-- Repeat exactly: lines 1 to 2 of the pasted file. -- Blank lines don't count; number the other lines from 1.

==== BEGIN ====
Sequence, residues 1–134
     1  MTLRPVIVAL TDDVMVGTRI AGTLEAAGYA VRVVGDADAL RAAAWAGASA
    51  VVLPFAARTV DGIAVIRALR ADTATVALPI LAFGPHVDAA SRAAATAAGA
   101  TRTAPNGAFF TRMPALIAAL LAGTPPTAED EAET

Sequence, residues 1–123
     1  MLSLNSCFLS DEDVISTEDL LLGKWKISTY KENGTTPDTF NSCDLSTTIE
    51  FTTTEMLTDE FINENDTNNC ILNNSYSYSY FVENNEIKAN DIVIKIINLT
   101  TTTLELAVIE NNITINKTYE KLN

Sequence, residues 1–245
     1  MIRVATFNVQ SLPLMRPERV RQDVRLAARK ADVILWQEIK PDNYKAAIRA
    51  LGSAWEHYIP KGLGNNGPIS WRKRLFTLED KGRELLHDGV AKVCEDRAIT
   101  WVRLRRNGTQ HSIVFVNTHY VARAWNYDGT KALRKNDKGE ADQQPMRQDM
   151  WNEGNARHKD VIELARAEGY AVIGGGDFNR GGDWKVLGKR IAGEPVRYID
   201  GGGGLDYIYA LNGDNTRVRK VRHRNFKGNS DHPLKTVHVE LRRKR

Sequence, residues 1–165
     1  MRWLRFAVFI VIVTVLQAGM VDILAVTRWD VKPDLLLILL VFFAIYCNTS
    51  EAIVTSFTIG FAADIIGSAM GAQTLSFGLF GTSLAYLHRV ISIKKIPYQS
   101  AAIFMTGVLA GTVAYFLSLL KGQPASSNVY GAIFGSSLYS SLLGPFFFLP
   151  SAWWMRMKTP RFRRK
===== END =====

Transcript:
Sequence, residues 1–134
     1  MTLRPVIVAL TDDVMVGTRI AGTLEAAGYA VRVVGDADAL RAAAWAGASA